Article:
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September 21, 2023

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Hatch program announces this years finalists

Last night in the Union ballroom, the 2015 class of Hatchlings was announced.

The announcement came following the final event of Global Entrepreneurship Week, sponsored by the College of Business, Cookie Jar, Key Private Bank and more.

Kirk Kern, director of the Dallas-Hamilton Center in the College of Business said that this year’s class of Hatchlings is unique.

“Well, this year we had over 80 applicants, and from there we narrowed it down to 10 Hatchlings,” said Kern. “It was a hard decision, and my team and I had some quite lengthy debates about who should stay and who we had to let go, but I’m confident in the abilities of this new class.”

Along with Kern, there was a team of six other people that helped make the decision about the new class: Morgan Smith, one of last year’s Hatch finalists and owner of U-Mat Laundry, LLC; Charlie Kanwischer, who is in the College of Arts [E-Ship]; Dean Braun of the College of Business; Gene Poor, associate dean Zubair Mohamed; and Herb McGrath.

The team graded the business ideas with a specific set of criteria, and they scored strictly on ideas.

“We looked for uniqueness and creativity, if the proposed product was feasible, marketability, commercial and social impact, appeal to investors and my favorite, the ‘cool’ factor,” Kern said.

Since the team did not have pictures of the applicants, the reveal of the Hatchlings was a surprise to everyone, matching the idea with a face, Kern said.

This year’s Hatchlings class had some different ideas, ranging from a cystic fibrosis app that sends information straight to the doctor’s office, to a game called Trickshot that combines beer pong, cornhole and ladderball into a three-in-one game.

“The three projects that really blew my mind was one where a student came up with a short film about an antisocial teenager who disguises himself to fight off a high school rival,” Kern said. “We’ve never done a short film so this is so exciting. We have a non-traditional student who wants to introduce people to beekeeping, and a girl designed a program that takes traits of a person’s personality and designs them into clothing. These are million-dollar ideas, all of them are.”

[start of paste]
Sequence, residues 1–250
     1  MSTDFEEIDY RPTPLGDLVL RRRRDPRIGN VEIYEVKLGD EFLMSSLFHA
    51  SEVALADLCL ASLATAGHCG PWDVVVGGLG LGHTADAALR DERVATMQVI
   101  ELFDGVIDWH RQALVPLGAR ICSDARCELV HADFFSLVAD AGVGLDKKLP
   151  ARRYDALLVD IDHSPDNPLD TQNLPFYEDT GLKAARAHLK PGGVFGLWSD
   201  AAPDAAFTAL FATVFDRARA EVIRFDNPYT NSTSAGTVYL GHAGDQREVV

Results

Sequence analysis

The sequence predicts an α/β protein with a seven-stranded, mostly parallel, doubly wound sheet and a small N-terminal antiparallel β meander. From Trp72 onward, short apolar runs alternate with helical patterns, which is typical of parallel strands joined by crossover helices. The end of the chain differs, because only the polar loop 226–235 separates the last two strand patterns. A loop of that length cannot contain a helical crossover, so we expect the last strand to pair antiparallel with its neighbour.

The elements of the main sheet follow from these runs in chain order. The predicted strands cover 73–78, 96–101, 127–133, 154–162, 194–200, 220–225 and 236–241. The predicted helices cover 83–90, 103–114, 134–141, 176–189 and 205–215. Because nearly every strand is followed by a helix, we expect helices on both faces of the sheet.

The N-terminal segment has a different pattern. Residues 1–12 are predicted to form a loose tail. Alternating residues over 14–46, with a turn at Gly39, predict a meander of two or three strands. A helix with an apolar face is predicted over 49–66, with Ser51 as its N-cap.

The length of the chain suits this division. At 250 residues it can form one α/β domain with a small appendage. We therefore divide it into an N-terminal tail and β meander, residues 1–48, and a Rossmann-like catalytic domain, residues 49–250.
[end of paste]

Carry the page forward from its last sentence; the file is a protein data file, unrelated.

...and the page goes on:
Kern is excited to be working with the new Hatch class.

“The Hatch is a unique program in itself,” Kern said. “But it’s not easy. Pairing these kids with mentors and getting their awesome ideas up and running is so exciting and I can’t wait to go through the process with

these kids.”

Sophomore Devon Williams, creator of MuSync, a music app that lets users tap into another users music live at the time of play, said she was in disbelief when her name was announced.

“I was sitting with my boyfriend when my name got called, and he rushed me and said go on up there,” said Williams. “He helped me with the idea and it just evolved. I’m overwhelmed and

so excited.”

Meredith Keller, junior and creator of a cystic fibrosis app, was nearly in tears upon seeing her name on the screen.

“This is for my sister Kyle and my niece Lily, and everyone who has cystic fibrosis,” said Keller. “My sister has to write down everything Lily eats down to the calorie, because Lily doesn’t grow without proper nutrition and medication. When she called me crying because she couldn’t find the calories in a Cheeto, I knew I had to help.”

Allen Viancourt, who created Digital Turf, a program where lines can be changed electronically to match the sport, said that he was ecstatic.

“I’m really excited, especially because I’m a freshman and my idea was far-fetched, but it works,” said Viancourt. “I work for a small business right now, so this is a dream come true.”

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